Logic dictates that if you can’t make more than 12 or 14 % on your money, you shouldn’t be borrowing it anyway.

Another problem is that, unfortunately, many companies decide to overly depreciate their production equipment inventories to save paying corporate tax. While this is very inviting if you are cash tight it makes you look unprofitable on your statements and nobody wants to lend money to an unprofitable business. Besides, if you intend to sell and replace these items, you are not really deferring much and if you do any major changes, you may inadvertently exceed the corporate tax relief level in a given year and cost yourself excessive tax payments.

In this perspective, when it comes to financing, showing a profit and paying tax is a good thing. It will help get you the financing you require to achieve your potential. Remember that it is difficult to see the difference between a company who is trying to avoid paying tax and one that just can’t make a profit.

In our industry, growing 20% can mean 20% more equipment need to be purchased so proper financing can be critical.

Understanding a bit about financing and working with your company’s financial information to maximize your credit capabilities will help you grow and profit using other people’s money.

Corinne Light is the President of Light Financial Corporation. She can be contacted at c@lightfinancialleasing.com

Post-Audio Advice by Richard Spence-Thomas

November 18th, 2002

Music First
When starting a post-audio session for a commercial or corporate presentation I am frequently asked by my client, “what should we do first?” My reply is always “Prep the dialogue and sync tracks then cut the music.” Quite often a client will come to a post- audio session with grand expectations for his or her project involving multiple layers of sound effects and ambience. While these elements can lead to a rich finished product, they can also conflict with or be obscured by a powerful music track. Start your session by assembling the music bed tracks. You can then decide which sound FX will add to your mix, saving the time of cutting in layer upon layer of material that you may eventually drop in the mix.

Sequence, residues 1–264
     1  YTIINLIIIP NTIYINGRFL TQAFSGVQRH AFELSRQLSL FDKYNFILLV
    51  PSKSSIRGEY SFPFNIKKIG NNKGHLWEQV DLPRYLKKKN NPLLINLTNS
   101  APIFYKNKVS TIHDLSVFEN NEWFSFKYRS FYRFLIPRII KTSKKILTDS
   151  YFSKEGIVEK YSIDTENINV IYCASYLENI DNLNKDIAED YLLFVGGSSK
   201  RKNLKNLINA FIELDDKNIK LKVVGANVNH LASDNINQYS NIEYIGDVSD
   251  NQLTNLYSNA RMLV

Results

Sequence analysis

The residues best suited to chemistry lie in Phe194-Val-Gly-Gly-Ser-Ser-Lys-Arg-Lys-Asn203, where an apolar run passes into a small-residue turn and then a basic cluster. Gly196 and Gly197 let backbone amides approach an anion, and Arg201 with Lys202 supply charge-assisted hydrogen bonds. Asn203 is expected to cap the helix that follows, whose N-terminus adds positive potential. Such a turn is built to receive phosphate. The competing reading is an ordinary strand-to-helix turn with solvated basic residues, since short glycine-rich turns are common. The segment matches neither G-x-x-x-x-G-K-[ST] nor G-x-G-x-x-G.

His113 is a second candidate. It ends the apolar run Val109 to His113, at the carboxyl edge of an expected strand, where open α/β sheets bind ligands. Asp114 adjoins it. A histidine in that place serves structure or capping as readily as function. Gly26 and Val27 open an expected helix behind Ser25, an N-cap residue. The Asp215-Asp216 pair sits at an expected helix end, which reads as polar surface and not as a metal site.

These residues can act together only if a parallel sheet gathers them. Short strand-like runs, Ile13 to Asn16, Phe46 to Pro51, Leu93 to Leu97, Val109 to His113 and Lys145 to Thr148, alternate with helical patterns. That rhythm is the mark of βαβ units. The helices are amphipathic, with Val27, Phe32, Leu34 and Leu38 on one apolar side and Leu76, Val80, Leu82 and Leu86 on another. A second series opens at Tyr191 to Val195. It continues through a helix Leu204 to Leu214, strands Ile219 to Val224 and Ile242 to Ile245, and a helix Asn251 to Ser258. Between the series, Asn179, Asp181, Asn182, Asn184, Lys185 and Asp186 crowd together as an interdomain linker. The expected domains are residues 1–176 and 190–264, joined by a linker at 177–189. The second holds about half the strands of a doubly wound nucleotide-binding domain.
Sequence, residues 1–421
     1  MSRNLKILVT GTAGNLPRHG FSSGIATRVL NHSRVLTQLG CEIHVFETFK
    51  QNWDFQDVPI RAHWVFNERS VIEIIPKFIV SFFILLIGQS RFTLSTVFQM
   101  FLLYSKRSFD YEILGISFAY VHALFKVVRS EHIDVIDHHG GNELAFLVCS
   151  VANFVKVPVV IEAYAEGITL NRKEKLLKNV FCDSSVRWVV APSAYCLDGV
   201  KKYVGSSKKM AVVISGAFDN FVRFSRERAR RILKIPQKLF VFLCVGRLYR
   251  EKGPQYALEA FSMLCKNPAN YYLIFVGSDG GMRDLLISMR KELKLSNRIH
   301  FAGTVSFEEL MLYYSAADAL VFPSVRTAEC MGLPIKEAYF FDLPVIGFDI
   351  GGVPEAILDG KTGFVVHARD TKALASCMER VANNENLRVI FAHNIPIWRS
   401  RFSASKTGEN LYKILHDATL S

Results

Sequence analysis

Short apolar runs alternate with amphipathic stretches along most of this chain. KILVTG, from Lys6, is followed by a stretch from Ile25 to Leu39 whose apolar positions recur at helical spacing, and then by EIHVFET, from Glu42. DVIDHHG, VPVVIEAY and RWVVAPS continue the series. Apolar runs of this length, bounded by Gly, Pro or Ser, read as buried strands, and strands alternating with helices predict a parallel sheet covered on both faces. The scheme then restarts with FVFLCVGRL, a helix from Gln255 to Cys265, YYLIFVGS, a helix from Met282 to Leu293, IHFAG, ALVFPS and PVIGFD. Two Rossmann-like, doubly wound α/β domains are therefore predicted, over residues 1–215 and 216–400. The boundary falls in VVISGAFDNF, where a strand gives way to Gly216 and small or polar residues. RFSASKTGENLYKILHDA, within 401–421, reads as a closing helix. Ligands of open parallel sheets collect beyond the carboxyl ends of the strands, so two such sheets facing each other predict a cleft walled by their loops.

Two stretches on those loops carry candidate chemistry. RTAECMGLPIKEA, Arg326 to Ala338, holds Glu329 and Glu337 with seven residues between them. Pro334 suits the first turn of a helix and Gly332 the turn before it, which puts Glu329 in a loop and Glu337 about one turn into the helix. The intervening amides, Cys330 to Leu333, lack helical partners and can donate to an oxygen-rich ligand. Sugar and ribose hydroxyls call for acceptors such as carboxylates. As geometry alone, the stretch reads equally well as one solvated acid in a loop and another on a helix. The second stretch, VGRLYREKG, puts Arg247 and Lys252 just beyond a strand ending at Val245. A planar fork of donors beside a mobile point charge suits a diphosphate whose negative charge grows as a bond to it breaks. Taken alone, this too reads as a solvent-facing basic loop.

Frame Rate
Make no mistake about it — if you are watching a colour television picture on a North American television set, the actual frame rate of the picture is 29.97 frames per second, not 30.

Client Relationships
Although not the rule, more often that not post-audio clients don’t care what specific equipment is being used in their session as long as the end product satisfies their requirements. Of much greater import are the creative and interpersonal skills of the engineer operating that equipment. Of course technical proficiency is a must. However the ability to put the customer at ease, gain his or her trust, and produce the desired product in a reasonable time period is what will earn you customer loyalty.

One great indicator of customer comfort level is the amount of time that they book for the session. Customers quite often book sessions with their chequebook in mind, not their project. If a session is booked for six hours and you produce a brilliant track but take eight, your client will be dissatisfied that he is over budget despite your creative genius. If you take only four hours but produce a substandard track then once again your client will be upset this time at your lack of effort. The key is to do your the possible job within a reasonable margin of the allotted time. If you feel that the time frame for the job is not reasonable then the client should be made aware of this early in the process, so he or she can make arrangements to solve the problem satisfactorily. Studio monitoring can also prove problematic for clients. No two systems or rooms sound the same and the client who spends only a fraction of the time that you do listening in your environment is easily confused. As a result, he may often ask you to make changes to your mix that will adversely affect the end product. If you feel that the client is misinterpreting the sound in the monitors, be patient. You don’t want them to feel that you are being uncooperative. Try to gain their trust. Explain that your experience is an important and integral part of the monitoring system. You are more important in fact than any of the individual physical components. In time, most clients will simply defer to your experience. Remember that a state of the art, multi-million dollar recording studio operated by amateurish staff is really just a worthless bunch of buttons and knobs! This business is all about people.